- I also prefer to purchase raw nuts to use in granola, since they will be in the oven for such a long time. I find that they roast, nicely, as the granola cooks and I don’t ever get that “burnt” taste that can come from overcooking nuts.
- Buy unsweetened coconut (I like the flakes, but you could buy shredded). Avoiding unnecessary processed sugars is always the best option and you will discover that unsweetened coconut flakes will toast and concentrate in their own natural sweetness as the granola bakes.
This granola, with fresh or dried fruit and whole milk actually makes a stupendously well-balanced, energy-boosting and nutritious way to start a day. I hope your family enjoys it as much as mine does!
How do you keep breakfast simple, cost-effective AND nutritious, at your house? Have commercial breakfast cereals priced themselves out of your family’s budget? I’d love to hear your comments and ideas! Have a blessing-filled week!
It’s 4-H Day! That was the happy exclamation I was greeted with, this morning. Our nine-year-old is just beside herself about being able to participate in 4-H this summer. I was in 4-H throughout elementary and high school and our two older daughters participated in a local homeschooler’s 4-H club when they were young. I […]
It’s 4-H Day! That was the happy exclamation I was greeted with, this morning. Our nine-year-old is just beside herself about being able to participate in 4-H this summer. I was in 4-H throughout elementary and high school and our two older daughters participated in a local homeschooler’s 4-H club when they were young. I love the skills and confidence that 4-H fosters and I wanted our nine-year-old to have that experience, but as a one-car family with a craa–aa—aaaaa-zy schedule, I wasn’t too excited about trying to juggle transportation and other people’s schedules to make it happen. Solution? We started our own, small 4-H club with three of our daughter’s friends from church. It has been the absolute perfect solution to my dilemma.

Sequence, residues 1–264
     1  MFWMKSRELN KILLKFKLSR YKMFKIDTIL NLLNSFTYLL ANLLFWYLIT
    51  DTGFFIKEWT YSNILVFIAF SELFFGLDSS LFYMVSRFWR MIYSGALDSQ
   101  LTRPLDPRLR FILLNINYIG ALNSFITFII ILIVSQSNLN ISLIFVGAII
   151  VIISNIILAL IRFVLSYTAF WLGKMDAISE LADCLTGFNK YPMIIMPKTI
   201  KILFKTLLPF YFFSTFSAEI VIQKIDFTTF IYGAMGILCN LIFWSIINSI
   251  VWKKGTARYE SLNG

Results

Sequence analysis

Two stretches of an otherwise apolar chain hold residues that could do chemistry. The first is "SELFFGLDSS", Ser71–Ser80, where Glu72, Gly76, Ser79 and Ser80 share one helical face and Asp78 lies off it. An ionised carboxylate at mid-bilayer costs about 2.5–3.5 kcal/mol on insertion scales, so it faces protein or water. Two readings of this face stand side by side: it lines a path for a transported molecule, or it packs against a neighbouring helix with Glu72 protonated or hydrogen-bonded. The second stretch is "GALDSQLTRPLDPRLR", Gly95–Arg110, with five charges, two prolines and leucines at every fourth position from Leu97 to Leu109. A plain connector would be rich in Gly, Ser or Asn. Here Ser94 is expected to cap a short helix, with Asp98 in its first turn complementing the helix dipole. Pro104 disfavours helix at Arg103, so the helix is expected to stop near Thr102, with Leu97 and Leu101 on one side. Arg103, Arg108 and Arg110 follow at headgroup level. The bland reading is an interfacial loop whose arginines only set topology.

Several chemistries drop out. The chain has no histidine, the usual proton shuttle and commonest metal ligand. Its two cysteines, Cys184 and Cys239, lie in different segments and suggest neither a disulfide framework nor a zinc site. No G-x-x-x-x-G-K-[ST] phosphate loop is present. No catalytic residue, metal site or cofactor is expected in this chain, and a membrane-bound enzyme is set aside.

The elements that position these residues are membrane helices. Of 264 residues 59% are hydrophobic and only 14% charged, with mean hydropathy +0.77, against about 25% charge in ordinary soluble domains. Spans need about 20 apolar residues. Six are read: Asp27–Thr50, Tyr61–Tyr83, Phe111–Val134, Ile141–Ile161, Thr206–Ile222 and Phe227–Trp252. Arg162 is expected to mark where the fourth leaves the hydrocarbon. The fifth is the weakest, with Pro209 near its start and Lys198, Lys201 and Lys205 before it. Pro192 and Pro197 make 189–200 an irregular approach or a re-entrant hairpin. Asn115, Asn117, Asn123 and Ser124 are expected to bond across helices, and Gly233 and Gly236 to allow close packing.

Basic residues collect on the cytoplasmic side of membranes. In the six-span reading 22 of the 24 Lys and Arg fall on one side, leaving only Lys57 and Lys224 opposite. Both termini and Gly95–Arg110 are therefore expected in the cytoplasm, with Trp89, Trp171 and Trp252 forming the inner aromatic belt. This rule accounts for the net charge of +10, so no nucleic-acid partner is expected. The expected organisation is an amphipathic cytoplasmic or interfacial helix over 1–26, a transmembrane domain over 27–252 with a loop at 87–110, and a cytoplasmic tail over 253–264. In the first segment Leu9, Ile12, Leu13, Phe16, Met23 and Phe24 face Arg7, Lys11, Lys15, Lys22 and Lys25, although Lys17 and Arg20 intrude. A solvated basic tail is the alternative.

We meet every Friday afternoon, at our house, and spend two hours learning things like how to run a business meeting (parliamentary procedure), how to cook and how to sew. Since the focus of our group is cooking and sewing, we picked the name Pots and Pins for our club. Being a 4-H leader is crazy fun! I’d forgotten that. My older girls were involved with an established group that already had leaders, so I didn’t do much with the meetings back then. But, back in high school, I was a Jr. Leader. I think I taught knitting. (lol I don’t think I can knit any more. Maybe it’s like riding a bicycle. :)) Anyway, I love watching the enthusiasm as the girls discover that they are capable of doing things they didn’t think they could do. I get to see dozens of those “light bulb” moments AND they are having fun. No one is making them do it and they WANT to come back. Cool!
At our first meeting, we talked about the food pyramid and then the assignment was to make something that would include items from several of the food groups at once. No one had a problem with the dairy, grains or meat, but I wish you could have seen their faces when I mentioned vegetables. Do you believe that NONE of them liked vegetables? lol We decided to make pizza pockets and I promised them that when they were done, if they didn’t like them, they didn’t have to eat them. Refrigerated biscuit dough made quick work of the necessary 5″ dough circle needed. We spread out a wide variety of toppings that included the pizza sauce, mini pepperoni, ham, bacon, sausage, grated mozzarella and parmesan, broccoli slaw, diced butternut squash, diced onion and diced red bell pepper. Everyone had to include at least one vegetable. Amazingly, they each selected at least two and one brave experimenter used all four — yup, butternut squash! No one was more pleased than me to see the smiling faces at the end of the project. Not only had they made them all by themselves, but they liked them — veggies and all.